Fight Continues in Courts, Community Rallies

Fight against Indefinite Solitary Confinement Continues in the Courts, Community Rallies in Support

What:  Rally & Hearing in Ashker v. Brown
When:  Wednesday June 4, 1:30 p.m
Where: Oakland Federal Building, 1301 Clay Street, Oakland, CA – Courtroom 2

California prisoners challenging long-term indeterminate sentences in solitary confinement will continue their fight in the courtroom Wednesday afternoon during a status conference in Ashker v. Brown, a federal lawsuit on behalf of prisoners at the Pelican Bay Security Housing Unit (SHU). Since the last hearing eight months ago, there has been significant attention focused on the oppressive conditions in Pelican Bay, and just yesterday a federal judge allowed hundreds of imprisoned people to join the lead plaintiffs in the class action lawsuit.

At issue is the use of long-term solitary confinement in Pelican Bay Prison. In the prison’s SHU, prisoners spend 22 ½ to 24 hours a day in tiny, windowless cells without contact visits, telephone calls, or access to programming. While UN standards suggest that more than 15 days in this type of punishment amounts to torture, more than 500 imprisoned people have been held for more than 10 years in these conditions, and for many their sentences in SHU are indefinite.

The California Department of Corrections and Rehabilitation (CDCR), the defendants in the case, plan to argue that because of new regulations, the Due Process Claim in the lawsuit should be dismissed. Attorneys for the prisoners disagree, claiming the regulations are insufficient to address the prisoners’ concerns. Plaintiffs’ attorney Jules Lobel of the Center for Constitutional Rights states that “CDCR’s new reforms do not resolve the underlying issues that have led to this lawsuit – indefinite solitary confinement under torturous conditions.” The lawsuit continues the effort led by prisoners who undertook an historic hunger strike last summer to demand an end to indefinite solitary confinement and bring about fundamental changes in the draconian policies used to keep prisoners in solitary. Their peaceful protest garnered unprecedented support, as 30,000 prisoners participated and some refused food for 60 days.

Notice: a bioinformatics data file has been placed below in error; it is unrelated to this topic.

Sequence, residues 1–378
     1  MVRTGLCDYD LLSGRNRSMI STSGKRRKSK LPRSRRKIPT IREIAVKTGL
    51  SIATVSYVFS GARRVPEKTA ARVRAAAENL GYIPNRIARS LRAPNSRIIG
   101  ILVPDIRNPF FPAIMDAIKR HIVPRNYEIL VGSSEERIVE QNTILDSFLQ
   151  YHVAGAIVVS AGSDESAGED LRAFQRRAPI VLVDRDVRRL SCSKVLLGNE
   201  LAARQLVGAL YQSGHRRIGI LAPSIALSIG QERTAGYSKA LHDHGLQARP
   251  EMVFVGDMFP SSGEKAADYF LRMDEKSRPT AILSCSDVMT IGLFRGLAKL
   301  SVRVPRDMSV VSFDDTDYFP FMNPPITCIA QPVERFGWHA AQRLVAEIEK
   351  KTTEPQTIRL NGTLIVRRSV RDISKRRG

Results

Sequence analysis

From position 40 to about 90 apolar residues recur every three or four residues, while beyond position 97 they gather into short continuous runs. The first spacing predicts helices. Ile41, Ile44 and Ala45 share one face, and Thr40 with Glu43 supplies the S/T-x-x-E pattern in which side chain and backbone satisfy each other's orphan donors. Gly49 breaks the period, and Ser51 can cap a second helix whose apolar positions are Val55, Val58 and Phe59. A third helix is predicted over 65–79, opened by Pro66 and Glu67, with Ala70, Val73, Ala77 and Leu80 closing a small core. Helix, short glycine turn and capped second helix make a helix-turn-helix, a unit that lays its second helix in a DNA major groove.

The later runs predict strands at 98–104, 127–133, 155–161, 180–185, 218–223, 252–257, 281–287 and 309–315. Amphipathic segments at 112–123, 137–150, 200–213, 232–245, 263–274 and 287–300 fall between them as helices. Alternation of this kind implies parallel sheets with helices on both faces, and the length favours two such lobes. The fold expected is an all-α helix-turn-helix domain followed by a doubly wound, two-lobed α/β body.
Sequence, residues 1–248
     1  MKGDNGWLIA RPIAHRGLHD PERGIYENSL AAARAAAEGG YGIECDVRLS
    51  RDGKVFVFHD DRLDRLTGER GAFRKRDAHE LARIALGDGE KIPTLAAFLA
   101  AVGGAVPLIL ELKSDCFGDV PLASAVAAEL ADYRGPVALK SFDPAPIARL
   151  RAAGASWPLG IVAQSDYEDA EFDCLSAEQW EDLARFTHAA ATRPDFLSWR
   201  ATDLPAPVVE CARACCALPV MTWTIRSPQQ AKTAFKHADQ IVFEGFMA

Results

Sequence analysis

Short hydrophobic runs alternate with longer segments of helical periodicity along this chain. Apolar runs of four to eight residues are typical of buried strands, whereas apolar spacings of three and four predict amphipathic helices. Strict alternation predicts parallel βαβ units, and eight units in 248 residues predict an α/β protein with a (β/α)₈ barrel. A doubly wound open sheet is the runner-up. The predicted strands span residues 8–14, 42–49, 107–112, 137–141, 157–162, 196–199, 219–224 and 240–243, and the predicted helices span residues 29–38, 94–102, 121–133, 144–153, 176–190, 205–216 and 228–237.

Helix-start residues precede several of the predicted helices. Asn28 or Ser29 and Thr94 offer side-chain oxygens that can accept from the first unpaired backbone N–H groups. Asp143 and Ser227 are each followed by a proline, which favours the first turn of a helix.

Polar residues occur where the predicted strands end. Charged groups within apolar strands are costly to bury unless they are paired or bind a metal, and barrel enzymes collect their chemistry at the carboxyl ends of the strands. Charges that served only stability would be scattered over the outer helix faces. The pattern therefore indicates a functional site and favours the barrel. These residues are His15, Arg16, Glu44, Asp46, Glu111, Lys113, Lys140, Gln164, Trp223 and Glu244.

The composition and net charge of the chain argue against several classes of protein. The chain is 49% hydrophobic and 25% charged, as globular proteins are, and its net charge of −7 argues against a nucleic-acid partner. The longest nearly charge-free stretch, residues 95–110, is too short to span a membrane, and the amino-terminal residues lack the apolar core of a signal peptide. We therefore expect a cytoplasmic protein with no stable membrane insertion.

“This lawsuit is an important step in our loved ones’ fight to end the torture of solitary confinement,” said Marie Levin of the Prisoner Hunger Strike Solidarity Coalition, whose brother Sitawa Jaama (Ronnie Dewberry)is one of the lead plaintiffs in the case. Says Levin, “As always, we will be with them every step of the way – in the courts, in the legislative process, or out in the community.  We will use every means available to us, until the torture is ended.”

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